Designing Fusion Centers

Been thinking a lot about how we design and use fusion centers. Big centers, little rooms, or virtual connected information sharing? What works best?

Whatever the approach, fusion centers must be designed to operate as a truly collaborative information sharing environment. That is what matters the most. Effective acquisition of information and "fusing" it in order to support the rapid development of intelligence should be the prime mover for a fusion center.

Fusion centers are defined as “a collaborative effort of two or more agencies that provide resources, expertise, and information to the center with the goal of maximizing their ability to detect, prevent, investigate, and respond to criminal and terrorist activity.” As is the case with EOCs, these centers demand clear operating procedures, staff roles, and responsibilities, and a supportive workspace, to include effective technology. Too often, design centers on the look and feel of a center and not on the effective operation of the center. A fusion center needs to be seen as a system of systems and a node in a larger network of information sharing platforms.

The ultimate goal of the fusion center concept is to prevent terrorist attacks; however, these centers can and should be used to prepare for and respond to other man-made or natural disasters.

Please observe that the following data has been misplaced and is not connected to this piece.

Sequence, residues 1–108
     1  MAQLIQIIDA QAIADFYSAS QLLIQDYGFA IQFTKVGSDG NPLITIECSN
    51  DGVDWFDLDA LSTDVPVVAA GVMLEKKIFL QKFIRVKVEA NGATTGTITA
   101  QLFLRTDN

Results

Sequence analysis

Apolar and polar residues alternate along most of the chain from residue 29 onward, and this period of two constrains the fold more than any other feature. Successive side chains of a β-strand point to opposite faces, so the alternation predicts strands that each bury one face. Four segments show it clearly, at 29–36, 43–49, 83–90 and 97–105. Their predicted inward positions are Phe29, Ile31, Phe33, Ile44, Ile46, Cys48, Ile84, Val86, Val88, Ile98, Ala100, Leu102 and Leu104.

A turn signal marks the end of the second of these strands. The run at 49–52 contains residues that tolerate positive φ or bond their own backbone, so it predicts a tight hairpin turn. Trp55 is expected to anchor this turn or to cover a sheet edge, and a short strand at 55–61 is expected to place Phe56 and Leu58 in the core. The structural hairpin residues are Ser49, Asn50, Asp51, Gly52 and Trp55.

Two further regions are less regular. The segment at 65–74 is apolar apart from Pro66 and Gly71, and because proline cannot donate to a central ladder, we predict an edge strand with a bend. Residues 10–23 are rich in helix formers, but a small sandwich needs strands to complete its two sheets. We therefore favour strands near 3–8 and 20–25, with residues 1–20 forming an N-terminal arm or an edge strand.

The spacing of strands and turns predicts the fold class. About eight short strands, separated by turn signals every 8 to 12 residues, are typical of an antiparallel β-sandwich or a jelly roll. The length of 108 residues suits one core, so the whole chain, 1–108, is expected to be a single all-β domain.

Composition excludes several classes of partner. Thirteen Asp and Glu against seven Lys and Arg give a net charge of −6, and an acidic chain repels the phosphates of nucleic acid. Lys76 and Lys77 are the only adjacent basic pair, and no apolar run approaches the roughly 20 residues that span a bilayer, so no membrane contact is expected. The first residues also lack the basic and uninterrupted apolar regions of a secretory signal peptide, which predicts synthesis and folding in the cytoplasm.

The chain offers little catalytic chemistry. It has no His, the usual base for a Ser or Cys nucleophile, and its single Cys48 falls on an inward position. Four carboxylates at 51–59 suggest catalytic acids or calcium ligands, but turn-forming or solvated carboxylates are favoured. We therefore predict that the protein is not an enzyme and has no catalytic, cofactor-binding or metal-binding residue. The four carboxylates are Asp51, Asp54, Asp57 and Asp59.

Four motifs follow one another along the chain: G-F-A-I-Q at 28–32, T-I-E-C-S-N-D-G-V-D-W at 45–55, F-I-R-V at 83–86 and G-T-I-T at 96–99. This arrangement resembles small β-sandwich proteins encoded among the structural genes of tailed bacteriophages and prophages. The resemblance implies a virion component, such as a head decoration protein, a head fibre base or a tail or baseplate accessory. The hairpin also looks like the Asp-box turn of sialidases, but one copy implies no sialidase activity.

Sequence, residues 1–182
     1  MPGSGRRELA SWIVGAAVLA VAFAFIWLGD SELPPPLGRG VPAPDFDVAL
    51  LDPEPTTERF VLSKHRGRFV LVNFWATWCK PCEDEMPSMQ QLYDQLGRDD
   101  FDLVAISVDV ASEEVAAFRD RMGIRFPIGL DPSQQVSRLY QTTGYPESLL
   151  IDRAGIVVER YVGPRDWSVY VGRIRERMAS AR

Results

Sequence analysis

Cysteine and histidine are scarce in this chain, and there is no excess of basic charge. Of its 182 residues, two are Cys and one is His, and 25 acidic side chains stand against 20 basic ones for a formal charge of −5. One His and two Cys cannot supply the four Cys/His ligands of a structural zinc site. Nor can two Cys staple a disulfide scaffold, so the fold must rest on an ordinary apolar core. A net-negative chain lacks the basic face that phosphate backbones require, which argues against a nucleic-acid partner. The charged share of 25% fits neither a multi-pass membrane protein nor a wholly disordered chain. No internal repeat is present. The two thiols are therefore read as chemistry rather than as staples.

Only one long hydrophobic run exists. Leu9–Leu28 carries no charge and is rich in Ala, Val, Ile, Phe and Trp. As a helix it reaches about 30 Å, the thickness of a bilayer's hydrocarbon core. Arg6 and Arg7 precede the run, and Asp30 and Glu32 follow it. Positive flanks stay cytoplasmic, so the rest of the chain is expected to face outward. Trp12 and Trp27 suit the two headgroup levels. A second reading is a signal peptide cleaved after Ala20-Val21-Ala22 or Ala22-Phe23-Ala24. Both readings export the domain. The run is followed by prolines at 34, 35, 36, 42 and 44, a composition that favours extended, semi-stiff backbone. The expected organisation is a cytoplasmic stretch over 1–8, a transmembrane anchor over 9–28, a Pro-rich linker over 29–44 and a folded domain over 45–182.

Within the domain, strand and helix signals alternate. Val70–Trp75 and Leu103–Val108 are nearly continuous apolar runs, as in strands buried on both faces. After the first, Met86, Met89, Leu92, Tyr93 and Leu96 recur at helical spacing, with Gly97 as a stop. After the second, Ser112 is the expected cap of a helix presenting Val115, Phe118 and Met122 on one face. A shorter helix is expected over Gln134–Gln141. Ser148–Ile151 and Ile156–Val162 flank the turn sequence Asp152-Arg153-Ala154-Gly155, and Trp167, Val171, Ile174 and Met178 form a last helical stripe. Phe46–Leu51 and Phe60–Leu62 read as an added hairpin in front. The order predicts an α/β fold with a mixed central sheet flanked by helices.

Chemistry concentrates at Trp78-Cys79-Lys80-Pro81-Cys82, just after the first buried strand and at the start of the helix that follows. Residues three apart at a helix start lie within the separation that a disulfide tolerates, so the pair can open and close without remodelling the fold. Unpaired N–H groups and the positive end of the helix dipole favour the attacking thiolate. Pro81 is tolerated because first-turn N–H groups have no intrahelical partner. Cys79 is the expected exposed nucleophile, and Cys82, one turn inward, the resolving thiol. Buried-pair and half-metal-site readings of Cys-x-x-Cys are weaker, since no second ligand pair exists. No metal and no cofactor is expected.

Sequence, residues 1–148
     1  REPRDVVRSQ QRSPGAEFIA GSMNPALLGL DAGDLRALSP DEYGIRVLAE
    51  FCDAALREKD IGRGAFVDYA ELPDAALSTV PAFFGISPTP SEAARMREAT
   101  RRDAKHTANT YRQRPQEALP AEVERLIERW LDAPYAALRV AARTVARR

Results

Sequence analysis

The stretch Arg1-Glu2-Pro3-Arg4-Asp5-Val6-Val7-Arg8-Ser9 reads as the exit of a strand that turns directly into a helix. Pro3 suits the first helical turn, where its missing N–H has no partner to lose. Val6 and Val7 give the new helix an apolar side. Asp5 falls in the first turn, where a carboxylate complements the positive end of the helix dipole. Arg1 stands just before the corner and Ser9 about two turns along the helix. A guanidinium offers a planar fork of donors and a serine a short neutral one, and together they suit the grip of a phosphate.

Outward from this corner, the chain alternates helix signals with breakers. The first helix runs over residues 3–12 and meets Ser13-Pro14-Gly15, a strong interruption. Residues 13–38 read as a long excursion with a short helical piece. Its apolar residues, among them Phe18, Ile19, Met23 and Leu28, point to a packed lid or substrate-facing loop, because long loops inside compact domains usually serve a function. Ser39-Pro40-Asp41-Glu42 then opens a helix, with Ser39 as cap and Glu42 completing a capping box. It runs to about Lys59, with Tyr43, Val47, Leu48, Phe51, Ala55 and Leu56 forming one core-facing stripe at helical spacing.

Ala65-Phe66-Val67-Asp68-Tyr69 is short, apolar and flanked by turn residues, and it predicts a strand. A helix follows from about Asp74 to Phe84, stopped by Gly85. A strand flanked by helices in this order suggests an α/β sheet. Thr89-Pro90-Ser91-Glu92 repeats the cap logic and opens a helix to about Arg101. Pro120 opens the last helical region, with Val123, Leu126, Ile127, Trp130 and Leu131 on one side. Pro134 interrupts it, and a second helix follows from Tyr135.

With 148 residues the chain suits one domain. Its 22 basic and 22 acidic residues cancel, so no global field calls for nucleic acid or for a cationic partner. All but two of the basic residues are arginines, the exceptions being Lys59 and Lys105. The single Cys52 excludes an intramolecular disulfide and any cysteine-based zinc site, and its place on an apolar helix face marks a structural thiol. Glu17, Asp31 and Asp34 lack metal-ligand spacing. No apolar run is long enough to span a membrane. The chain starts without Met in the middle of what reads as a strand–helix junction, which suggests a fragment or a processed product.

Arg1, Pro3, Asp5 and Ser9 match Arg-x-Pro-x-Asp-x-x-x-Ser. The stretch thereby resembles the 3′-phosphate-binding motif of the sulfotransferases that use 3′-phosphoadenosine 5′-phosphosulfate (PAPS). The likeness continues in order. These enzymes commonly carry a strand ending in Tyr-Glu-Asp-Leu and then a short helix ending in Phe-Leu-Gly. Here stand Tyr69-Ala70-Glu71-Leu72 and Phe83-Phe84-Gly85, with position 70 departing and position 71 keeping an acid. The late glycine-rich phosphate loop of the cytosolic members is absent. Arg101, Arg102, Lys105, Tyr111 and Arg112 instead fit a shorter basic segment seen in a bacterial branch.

"Data fusion involves the exchange of information from different sources - including law enforcement, public safety and the private sector - and, with analysis, can result in meaningful and actionable intelligence and information... The fusion process turns this information and intelligence into actionable knowledge."
Public safety and private-sector components are integral in the fusion process because they provide fusion centers with crime-related information, including risk and threat assessments, and subject-matter experts who can aid in threat identification. While many of the fusion centers began with purely counter terrorism goals, many have moved toward an all-crimes and all-hazards approach.
Fusion centers are relatively new and can be expected to continue to evolve. How these are designed will need to be determined based on evaluation of what has worked so far in the existing centers.


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